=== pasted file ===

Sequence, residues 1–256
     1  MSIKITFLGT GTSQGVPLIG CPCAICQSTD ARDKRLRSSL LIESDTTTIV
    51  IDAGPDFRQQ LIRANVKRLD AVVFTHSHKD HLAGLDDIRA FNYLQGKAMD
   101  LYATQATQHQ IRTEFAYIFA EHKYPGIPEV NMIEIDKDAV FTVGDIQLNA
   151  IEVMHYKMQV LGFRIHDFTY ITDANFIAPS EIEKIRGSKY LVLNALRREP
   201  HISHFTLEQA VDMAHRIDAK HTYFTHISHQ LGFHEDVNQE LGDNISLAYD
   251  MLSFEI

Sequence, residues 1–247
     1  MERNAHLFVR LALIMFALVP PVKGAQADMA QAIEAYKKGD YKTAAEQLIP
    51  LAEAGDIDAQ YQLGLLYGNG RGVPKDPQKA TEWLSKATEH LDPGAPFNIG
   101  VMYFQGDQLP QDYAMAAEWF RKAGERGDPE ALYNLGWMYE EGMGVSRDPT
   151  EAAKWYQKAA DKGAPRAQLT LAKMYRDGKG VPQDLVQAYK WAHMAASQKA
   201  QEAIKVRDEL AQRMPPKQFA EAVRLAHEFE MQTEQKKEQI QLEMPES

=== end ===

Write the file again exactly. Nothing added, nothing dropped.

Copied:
Sequence, residues 1–256
     1  MSIKITFLGT GTSQGVPLIG CPCAICQSTD ARDKRLRSSL LIESDTTTIV
    51  IDAGPDFRQQ LIRANVKRLD AVVFTHSHKD HLAGLDDIRA FNYLQGKAMD
   101  LYATQATQHQ IRTEFAYIFA EHKYPGIPEV NMIEIDKDAV FTVGDIQLNA
   151  IEVMHYKMQV LGFRIHDFTY ITDANFIAPS EIEKIRGSKY LVLNALRREP
   201  HISHFTLEQA VDMAHRIDAK HTYFTHISHQ LGFHEDVNQE LGDNISLAYD
   251  MLSFEI

Sequence, residues 1–247
     1  MERNAHLFVR LALIMFALVP PVKGAQADMA QAIEAYKKGD YKTAAEQLIP
    51  LAEAGDIDAQ YQLGLLYGNG RGVPKDPQKA TEWLSKATEH LDPGAPFNIG
   101  VMYFQGDQLP QDYAMAAEWF RKAGERGDPE ALYNLGWMYE EGMGVSRDPT
   151  EAAKWYQKAA DKGAPRAQLT LAKMYRDGKG VPQDLVQAYK WAHMAASQKA
   201  QEAIKVRDEL AQRMPPKQFA EAVRLAHEFE MQTEQKKEQI QLEMPES